The Bargeriet is hidden away on a once little visited street at the back of Covent Garden, between Floral Street and Long Acre. In fact blink and you will miss Rose Street and that would be a tragedy. However tune in to your senses and the smell of fresh baking and cinnamon will lead you to The Bargeriet.
Bargeriet literarily means bakery in Swedish and that is exactly what it is, a Swedish bakery with a tiny cafe. The space is beautifully designed and comfortably seats 8 people; but such is the demand for seats in this hidden gem that most visitors happily squidge together to make room for a couple more people so that everyone has a chance to enjoy the delicacies and perhaps even make a few new friends along the way. Actually this is essentially what it is to “fika” – getting together with your friends to have a coffee and cake. Yes the Swedes take their coffee breaks so seriously that they have a verb for it.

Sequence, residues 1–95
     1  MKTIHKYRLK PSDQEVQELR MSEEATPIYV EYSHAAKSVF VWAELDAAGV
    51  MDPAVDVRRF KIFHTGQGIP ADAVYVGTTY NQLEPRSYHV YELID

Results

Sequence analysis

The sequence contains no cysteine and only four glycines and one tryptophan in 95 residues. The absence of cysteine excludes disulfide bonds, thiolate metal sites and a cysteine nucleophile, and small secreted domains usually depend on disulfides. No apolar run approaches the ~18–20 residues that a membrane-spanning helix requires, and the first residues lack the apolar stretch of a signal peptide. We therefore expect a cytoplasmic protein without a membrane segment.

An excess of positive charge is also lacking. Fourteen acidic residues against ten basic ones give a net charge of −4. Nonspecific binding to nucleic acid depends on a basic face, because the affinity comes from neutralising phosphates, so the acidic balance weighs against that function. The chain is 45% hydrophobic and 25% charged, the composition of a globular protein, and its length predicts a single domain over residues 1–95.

The bakery offers a range of traditional Swedish cakes, biscuits and savoury sandwiches. A stack of freshly baked cinnamon buns has centre place in the window and is steadily refreshed throughout the day. There are mazarin – a sweet almond tart, vanilla hearts – a sweet pastry with a vanilla cream filling, coconut pyramids, chocolate balls and Hallongrottor – raspberry caves, just to name a few of the delicacies on offer. Visit the Bargeriet during Lent and you will have the opportunity to try the Swedish Semlor cake, this is a cardamom-spiced wheat bun filled with almond paste and topped with whipped cream (the description may not do it justice, but the numbers certainly tell a tale – the Swedes get through 40 million of these little cakes a year in the run up to Easter and local newspapers run features comparing and evaluating the Selmor cakes produced by the local bakeries).
Daniel and Sven-Gunnar also bake their own bread and crispbread, which are fantastic and the cafe offers a selection of traditional Swedish open sandwiches such as Swedish meatballs with home-made beetroot salad; smoked salmon, anchovies, onions, eggs and fresh dill; and prawn salad.